Written by William Morris in 1895, ‘Child Christopher and Goldilind the Fair’ is a fantasy story based on the thirteenth-century tale of ‘Havelok the Dane’.
Christopher and Goldilind are based on the characters of Havelock and Goldborough from the original tale. Morris’s retelling is set in a densely wooded world called Oakenrealm and follows the romance of Christopher, the estranged heir to the throne, and Goldilind, a princess from another kingdom. Together they gather an army to challenge the usurper of the throne, Earl Rolf. The tale ends as Christopher defeats Rolf’s champion, Gandolf of Brimside, in single combat to reclaim his title as king.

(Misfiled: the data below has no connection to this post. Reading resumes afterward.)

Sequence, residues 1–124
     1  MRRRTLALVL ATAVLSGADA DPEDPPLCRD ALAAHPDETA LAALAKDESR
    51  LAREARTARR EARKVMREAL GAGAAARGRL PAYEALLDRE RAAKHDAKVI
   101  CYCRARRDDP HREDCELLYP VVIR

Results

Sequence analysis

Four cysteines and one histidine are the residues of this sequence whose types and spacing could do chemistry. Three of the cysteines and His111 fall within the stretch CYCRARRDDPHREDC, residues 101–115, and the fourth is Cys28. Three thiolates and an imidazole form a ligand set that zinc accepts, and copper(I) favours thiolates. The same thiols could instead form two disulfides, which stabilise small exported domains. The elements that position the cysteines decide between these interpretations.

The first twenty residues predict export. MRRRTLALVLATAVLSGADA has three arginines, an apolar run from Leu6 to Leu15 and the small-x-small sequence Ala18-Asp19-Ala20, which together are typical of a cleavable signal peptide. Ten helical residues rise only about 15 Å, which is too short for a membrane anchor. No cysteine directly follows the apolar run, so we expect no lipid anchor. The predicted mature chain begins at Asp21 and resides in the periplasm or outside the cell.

Alongside Morris’s other fantasy stories of the 1890s, this book had a strong influence on later fantasy writers such as J.R.R. Tolkien and C.S. Lewis. The story bears a strong resemblance to the plot of ‘Prince Caspian’, from Lewis’s ‘Chronicles of Narnia’. In this story Caspian has also been unrightfully usurped and builds forces to reclaim his throne, eventually electing a champion to fight for him in single combat. The name Gandolf, which Morris also uses for another character in ‘The Well at the World's End’, may have inspired Tolkien’s wizard Gandalf in ‘The Lord of the Rings’.
This Kelmscott Press book is the first of two volumes that made up Morris’s story. It is one of 600 copies printed on paper; an additional 12 copies were printed on vellum.